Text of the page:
Right now many investors see the only possible technology investment as being in cloud. Thus Amazon.Com (NASDAQ:AMZN) keeps getting bid up, along with Salesforce.com (NYSE:CRM), Microsoft (NASDAQ:MSFT) and Alphabet (NASDAQ:GOOGL).
But cloud means nothing without something to connect with. Clouds need devices and software applications in order to succeed. So right now, cloud may actually be overbought while the device and software spaces are oversold.
The trouble with the device market is that we think of it too broadly. We think in terms of things that people hold. We think of Hewlett-Packard (NYSE:HPE) PCs or Apple (NASDAQ:AAPL) iPhones. We see those sales rolling over and assume that the device market is dead. We forget that devices are just a means by which software applications are delivered. Hardware is software.
The device market is not dead. It is reinventing itself, spending money before making another push deeper into consumers' lives.
This investment is happening in two areas.
First, wireless infrastructure is being built-out rapidly.
Over the last year two fiber builds have occurred in my neighborhood. The first was for Comcast (NASDAQ:CMCSA) and Verizon (NYSE:VZ) Wireless. They went under the sidewalk. The second was for AT&T (NYSE:T). That one went into the air. Google trucks are just a few miles away and expected in the fall, and they too seem aimed at building underground.
The result is a wasteful duplication, but those whose neighborhoods are being overbuilt are seeing huge gains in the value of their real estate, relative to people in other areas. Investors who presently worry over the end of cable TV bundles are missing the point. All last-mile companies are now in the bit business, and demand for bits, especially wireless bits, most especially those served by WiFi, is only going to increase. Buying cable stocks now, while they are weak, is a very good idea for the long-term future of a portfolio.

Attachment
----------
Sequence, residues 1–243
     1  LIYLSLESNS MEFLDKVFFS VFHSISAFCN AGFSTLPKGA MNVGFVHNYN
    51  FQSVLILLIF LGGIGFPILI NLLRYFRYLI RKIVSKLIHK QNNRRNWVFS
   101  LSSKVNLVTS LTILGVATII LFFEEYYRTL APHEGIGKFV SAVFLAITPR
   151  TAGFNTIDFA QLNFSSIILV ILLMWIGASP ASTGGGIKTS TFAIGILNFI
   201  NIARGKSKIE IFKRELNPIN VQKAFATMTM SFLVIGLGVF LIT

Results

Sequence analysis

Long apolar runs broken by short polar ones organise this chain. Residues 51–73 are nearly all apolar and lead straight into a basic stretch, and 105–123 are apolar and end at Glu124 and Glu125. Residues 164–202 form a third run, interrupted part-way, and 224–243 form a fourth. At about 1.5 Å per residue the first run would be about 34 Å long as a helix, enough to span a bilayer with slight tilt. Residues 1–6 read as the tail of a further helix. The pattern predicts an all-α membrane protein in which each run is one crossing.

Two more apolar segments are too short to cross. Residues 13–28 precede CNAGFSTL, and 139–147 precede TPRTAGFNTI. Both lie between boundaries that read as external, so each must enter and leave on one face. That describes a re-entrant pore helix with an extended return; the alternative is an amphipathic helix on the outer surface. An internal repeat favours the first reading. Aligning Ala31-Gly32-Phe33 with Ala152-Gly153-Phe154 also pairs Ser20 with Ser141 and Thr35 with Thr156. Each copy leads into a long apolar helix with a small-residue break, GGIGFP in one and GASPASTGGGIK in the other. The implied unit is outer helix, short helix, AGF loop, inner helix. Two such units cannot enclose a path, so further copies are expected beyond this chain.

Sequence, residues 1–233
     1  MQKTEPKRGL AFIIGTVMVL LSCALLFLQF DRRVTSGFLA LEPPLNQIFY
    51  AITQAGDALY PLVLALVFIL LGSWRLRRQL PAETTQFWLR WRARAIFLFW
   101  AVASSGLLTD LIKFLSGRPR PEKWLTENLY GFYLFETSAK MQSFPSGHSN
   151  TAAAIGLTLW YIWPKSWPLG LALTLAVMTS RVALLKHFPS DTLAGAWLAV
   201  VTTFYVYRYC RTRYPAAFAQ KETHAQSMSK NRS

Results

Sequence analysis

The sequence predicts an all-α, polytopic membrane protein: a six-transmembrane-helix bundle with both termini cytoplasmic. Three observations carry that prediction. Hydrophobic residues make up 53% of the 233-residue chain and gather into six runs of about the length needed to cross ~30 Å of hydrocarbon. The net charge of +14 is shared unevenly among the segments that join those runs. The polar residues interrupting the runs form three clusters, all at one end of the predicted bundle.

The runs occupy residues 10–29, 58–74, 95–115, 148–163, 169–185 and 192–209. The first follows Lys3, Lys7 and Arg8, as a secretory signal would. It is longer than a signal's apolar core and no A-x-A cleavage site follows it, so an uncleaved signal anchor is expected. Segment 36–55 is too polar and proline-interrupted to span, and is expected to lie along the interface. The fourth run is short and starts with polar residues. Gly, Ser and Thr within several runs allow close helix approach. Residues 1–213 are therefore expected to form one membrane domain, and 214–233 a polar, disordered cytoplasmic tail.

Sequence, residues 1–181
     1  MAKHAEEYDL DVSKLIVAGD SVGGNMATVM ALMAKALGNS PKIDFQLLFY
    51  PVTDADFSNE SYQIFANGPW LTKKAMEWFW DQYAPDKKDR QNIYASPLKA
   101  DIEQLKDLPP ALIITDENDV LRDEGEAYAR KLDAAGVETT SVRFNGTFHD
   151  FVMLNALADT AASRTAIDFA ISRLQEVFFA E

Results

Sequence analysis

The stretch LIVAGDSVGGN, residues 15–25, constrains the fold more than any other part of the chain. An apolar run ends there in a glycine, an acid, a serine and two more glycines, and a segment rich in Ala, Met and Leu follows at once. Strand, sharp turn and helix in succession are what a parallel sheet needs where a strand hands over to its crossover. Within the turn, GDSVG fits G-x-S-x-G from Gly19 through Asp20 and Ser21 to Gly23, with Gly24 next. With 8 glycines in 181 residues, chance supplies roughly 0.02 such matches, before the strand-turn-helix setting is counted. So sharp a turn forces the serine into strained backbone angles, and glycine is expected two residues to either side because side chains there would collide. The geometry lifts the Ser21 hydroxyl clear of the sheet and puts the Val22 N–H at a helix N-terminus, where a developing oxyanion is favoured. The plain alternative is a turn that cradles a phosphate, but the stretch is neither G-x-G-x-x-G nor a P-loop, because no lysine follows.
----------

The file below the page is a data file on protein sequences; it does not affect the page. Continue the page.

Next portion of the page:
Second, new voice interfaces are being slowly developed to take advantage of this new infrastructure. Voice is seen as the operating system of the future. What makes the Amazon Echo powerful isn't what it does today, but applications behind it that can slowly take over a high-end consumer's life, and then the middle-income consumer. Efforts by Microsoft, with Cortana, and Apple, with Siri, also depend on expansion in the device area in order to fully develop.
All this remains in an early stage. As was true for PCs 30 years ago, all the major players have their own "flavor" of the interface. Making it proprietary protects profits, in the view of management, but limits the current market, and before this can take off those limits will have to be removed. Compatibility is going to happen.
You can see where this is going in the auto market. Self-driving is rapidly moving from curiosity to feature. As it becomes a feature, the self-driving intelligence becomes a box. Power within the space shifts, from the companies offering the technology to the companies installing the technology, from the device makers to the car makers.
Meanwhile, in the cloud, power is moving up the stack, from the infrastructure, past the platform, to the software applications that actually provide value. Companies that have moved their own applications into the cloud, like Adobe (NASDAQ:ADBE), not only sell direct, with no middleman, but they see reduced costs, with improvements instantly available to all customers. Those companies that are discovered to have done this, like Adobe, are actually doing better than those that have long-trumpeted it, like Microsoft.
Technology investors, in short, are in a continuous state of catch-up with what is happening on the ground in the market. Both the cloud and devices will continue to move forward, and buying what's weak is going to deliver bigger gains over 3-5 years than buying what everyone is talking about over the next 3-5 months. So it's a good time to pick up some Apple, some Adobe, and some Comcast for infrastructure, while everyone else piles into Amazon.Com - a great long-term play but overdone right now.
Disclosure: I am/we are long AAPL, AMZN, CMCSA, GOOGL, MSFT.
I wrote this article myself, and it expresses my own opinions. I am not receiving compensation for it (other than from Seeking Alpha). I have no business relationship with any company whose stock is mentioned in this article.